Italian Treasury and central bank officials will meet with executives of major banks, including UniCredit SpA and Intesa Sanpaolo SpA, on Monday to discuss the creation of a fund that would buy shares in bank recapitalizations and help the institutions tackle non-performing loans, according to people with knowledge of the talks.
The Rome meeting will try to finalize discussions held last week to set up a vehicle financed by banks and privately held institutions with a small share to be held by the state lender Cassa Depositi e Prestiti to help the cooperative lenders in sales of shares and bad debt, two people said. They asked not to be identified because the talks are private.
Terms of the deal are still under review and a final agreement may be reached as soon as next week, the people said.
Prime Minister Matteo Renzi is seeking to modernize the industry, reduce an estimated €360 billion in soured loans and bolster a recovery from recession in the euro-area’s third-largest economy. To help clean up the financial system, the government earlier this year struck an agreement with the European Commission, allowing banks to bundle their bad loans into securities for sale, while purchasing a state guarantee for the least-risky portion to make the debt appealing to investors.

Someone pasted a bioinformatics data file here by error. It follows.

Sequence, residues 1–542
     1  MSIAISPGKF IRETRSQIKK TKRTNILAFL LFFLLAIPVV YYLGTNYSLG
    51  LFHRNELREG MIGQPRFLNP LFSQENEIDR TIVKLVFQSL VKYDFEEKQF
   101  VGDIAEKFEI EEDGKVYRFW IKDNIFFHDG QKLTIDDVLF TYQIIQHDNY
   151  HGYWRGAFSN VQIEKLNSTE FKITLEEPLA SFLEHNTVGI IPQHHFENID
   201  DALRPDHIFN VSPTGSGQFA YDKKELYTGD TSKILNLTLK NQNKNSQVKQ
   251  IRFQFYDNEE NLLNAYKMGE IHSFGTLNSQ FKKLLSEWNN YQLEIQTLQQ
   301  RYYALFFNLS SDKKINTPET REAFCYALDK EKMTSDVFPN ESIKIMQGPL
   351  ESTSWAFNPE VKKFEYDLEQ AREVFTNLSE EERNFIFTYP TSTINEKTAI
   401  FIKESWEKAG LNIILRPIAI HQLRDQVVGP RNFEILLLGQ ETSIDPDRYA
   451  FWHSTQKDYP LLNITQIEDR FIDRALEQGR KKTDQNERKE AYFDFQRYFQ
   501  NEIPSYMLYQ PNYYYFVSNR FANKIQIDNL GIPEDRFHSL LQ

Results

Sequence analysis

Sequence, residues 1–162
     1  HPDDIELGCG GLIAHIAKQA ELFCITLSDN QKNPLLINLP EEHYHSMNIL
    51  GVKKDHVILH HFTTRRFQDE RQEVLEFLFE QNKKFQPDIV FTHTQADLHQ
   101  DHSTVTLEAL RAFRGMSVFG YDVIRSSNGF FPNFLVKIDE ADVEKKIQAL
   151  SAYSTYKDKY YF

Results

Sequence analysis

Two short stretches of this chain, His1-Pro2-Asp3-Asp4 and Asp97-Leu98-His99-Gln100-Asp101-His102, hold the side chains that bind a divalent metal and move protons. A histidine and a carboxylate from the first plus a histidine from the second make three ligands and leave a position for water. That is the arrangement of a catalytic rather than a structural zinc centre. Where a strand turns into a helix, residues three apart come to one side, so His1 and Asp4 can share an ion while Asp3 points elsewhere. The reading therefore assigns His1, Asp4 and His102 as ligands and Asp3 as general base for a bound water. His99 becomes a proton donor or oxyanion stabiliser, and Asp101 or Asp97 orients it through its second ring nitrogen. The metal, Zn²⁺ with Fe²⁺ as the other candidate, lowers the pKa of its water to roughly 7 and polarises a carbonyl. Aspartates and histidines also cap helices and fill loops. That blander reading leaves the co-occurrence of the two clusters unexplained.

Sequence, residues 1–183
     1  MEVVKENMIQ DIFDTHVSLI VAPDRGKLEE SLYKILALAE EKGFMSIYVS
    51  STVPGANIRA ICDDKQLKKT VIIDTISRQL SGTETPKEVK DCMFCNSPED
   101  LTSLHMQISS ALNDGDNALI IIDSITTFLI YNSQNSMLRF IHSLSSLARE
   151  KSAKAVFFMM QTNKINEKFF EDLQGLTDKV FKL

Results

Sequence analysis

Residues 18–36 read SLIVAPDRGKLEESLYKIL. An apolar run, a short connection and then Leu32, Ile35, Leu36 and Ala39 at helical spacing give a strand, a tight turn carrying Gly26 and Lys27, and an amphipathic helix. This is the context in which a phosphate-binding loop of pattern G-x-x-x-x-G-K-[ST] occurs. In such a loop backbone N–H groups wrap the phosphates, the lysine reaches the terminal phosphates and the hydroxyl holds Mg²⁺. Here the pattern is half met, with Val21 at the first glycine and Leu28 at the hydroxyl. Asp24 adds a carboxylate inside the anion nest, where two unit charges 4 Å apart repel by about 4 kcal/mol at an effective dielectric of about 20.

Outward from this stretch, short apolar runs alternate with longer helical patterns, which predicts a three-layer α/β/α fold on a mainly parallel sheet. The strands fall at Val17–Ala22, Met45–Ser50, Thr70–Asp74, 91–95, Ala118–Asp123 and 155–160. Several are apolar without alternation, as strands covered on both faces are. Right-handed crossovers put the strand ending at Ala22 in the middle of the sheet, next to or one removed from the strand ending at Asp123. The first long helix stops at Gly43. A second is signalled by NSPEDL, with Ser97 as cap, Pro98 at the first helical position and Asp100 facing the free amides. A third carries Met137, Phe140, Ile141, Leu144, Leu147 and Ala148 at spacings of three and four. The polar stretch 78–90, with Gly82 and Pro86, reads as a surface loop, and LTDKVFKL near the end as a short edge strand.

“A number of privately-held institutions are discussing a solution that should address capital and bad loan issues,” UniCredit CEO Federico Ghizzoni said in Milan. “We would consider this as a positive solution.”
Italian lenders rose in last trading session on expectations that a solution for banks issue will be finalized. UniCredit shares surged almost 10 percent in Milan, as Intesa Sanpaoplo SpA, Italy’s second-largest lender rose 6 percent.
Financial institutions are “intensively” working on a solution that would see private investors participate in the fund, Ghizzoni said. The vehicle would be financed by foundations, pension funds and other private firms, while the CDP may have a role as an investor, according to people familiar.